The Black Phone’s ending was changed at the last minute

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“That one was probably the one that I felt the most nervous about,” Derrickson tells The Hollywood Reporter. “I chose the kitchen that I chose because it had a long counter. I realized you could really go too far with a scene like that very easily, and an audience can turn on a movie. I wanted them to be disturbed and upset by it, but I didn’t want them to turn on it.”

Filmmaker on listening to what the movie needed: “A smart director always has an antenna up trying to hear what this movie really wants to be.” The Black Phone co-writer and director Scott Derrickson said there was one sequence that was particularly challenging to execute. Making a horror movie about a vicious child killer might be difficult in and of itself. In a distressing scene, Terrence Blake (Jeremy Davies), the drunken father of Finney (Mason Thames), who has gone missing, spanks Gwen (Madeleine McGraw).

Highlights

  • “I thought, ‘I don’t want to see this kid actually getting hit.’ So the very first strike happens off-screen,” says Derrickson. “She’s below the counter, and it’s more his rage that’s upsetting. And then her really emotional performance, most of that occurs when she stands back up and has this long faceoff with him. He’s got the belt raised, but he never actually hits her again. And so that was all worked out very specifically in choreography.”

  • How embedded software is designed and built has evolved over the last several years. Embedded systems are no longer simple disconnected systems, but powerful microcontroller-driven devices balancing connectivity, machine learning, and real-time control. In this course, we will explore how to design and build modern embedded systems that use ‘The Black Phone’ Writer C. Robert Cargill Discusses The Grabber’s Backstory and the Emotional Last-Minute Rewrite
    So, Derrickson chose to soften the moment in the film.

“In the script, Robin wasn’t in the room. It was just a phone call,” Derrickson explains. “A day or two before we shot that … it suddenly hit me out of nowhere. I was like, ‘Oh, the audience wants to see that kid again. We got to see him again. It’s not going feel right if we don’t see him again.’ I was like, ‘Where’s that kid?’ and they were like, ‘We just flew him home.’ I was like, ‘Get him back. You got to fly him back.’”

Moreover, Derrickson says, there was a big last-minute change that proved quite challenging. In one of the final scenes of the film, Robin (Miguel Cazarez Mora), a former victim who has been speaking with Finney courtesy the film’s disconnected black phone, shows up as a ghost. The problem? That wasn’t the original plan — and the young actor who plays Robin had already flown home.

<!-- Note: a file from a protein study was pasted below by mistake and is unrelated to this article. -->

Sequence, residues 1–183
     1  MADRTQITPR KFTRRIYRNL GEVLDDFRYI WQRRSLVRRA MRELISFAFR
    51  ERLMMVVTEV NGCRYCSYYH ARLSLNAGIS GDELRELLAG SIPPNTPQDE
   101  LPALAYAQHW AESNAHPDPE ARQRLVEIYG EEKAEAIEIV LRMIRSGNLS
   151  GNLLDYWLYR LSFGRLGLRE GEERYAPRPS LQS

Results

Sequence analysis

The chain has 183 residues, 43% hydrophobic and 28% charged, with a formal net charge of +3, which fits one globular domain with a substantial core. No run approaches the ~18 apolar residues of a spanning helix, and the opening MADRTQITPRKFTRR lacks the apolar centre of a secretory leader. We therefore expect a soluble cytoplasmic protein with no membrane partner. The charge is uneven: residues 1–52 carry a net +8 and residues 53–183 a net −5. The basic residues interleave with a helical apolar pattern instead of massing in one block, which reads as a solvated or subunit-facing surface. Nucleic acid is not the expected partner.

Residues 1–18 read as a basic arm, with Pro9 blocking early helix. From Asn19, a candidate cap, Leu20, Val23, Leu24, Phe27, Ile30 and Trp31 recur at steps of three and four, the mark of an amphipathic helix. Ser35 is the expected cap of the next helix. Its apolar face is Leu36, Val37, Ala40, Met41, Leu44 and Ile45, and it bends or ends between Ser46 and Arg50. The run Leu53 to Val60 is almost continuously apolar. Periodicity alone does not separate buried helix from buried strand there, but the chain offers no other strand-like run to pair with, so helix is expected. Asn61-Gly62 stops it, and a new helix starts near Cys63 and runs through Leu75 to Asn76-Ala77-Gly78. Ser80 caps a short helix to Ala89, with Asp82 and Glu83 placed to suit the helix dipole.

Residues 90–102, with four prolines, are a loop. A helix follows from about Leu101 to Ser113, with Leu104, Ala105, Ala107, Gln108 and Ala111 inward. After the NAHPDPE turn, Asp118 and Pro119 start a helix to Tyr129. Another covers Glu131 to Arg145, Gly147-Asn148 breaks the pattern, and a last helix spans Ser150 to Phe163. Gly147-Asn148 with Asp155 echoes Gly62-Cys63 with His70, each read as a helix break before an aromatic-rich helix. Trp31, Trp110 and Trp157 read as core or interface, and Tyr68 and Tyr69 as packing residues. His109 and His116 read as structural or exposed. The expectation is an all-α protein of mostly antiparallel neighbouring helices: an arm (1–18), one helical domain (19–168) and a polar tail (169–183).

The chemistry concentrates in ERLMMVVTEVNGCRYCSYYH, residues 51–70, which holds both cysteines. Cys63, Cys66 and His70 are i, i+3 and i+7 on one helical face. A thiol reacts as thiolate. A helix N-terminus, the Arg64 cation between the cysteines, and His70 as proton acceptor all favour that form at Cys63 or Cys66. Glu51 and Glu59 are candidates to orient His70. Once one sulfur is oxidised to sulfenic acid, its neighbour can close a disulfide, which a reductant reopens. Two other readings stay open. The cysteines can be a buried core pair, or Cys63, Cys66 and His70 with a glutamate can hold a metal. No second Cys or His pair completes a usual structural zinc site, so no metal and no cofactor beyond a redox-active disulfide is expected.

On the morning that the scene was to be filmed, Derrickson hadn’t blocked how it would go. He found himself standing on set alone, coming up with ideas on the fly for how Robin and Finney come face to face. “I end up doing it all in one shot,” says Derrickson, who believes it is one of the best moments of the film. “I think a good director always has an antenna up trying to hear what this movie really wants to be. If you do that, you can sometimes make decisions that are bigger than you.”

Derrickson says that when he and C. Robert Cargill wrote the script, they wanted to make sure that there wasn’t a common denominator for why Ethan Hawke’s Grabber chose his victims. They were all different — some were tough, some were weak, some were small, some were not. He is particularly moved by Griffin (Banks Repeta), the boy who is bent over upside down in the film.

“Even though we don’t see a backstory for him, I’m really moved by what he said. When Finney says, ‘you’re Griffin,’ he goes, ‘Maybe.’ And Finney goes, ‘I didn’t know you’ and he says ‘nobody did. One day nobody knows your name, and then the next day you’re in every headline and everybody knows your name,’” recalls Derrickson. “He represented that kind of small, invisible kid, and then Finney is in the middle.” Continues the filmmaker: “The idea of it was to represent a great range from the smallest, weakest kid to the toughest, strongest kid. Putting two of the toughest, strongest kids at the top emphasized how dangerous the Grabber is, that they were incapable of defending themselves or escaping his dungeon. It could happen to anyone.” The Black Phone hit theaters this weekend and also stars Mason Thames and James Ransone. You can read part one of THR‘s interview with Derrickson here.

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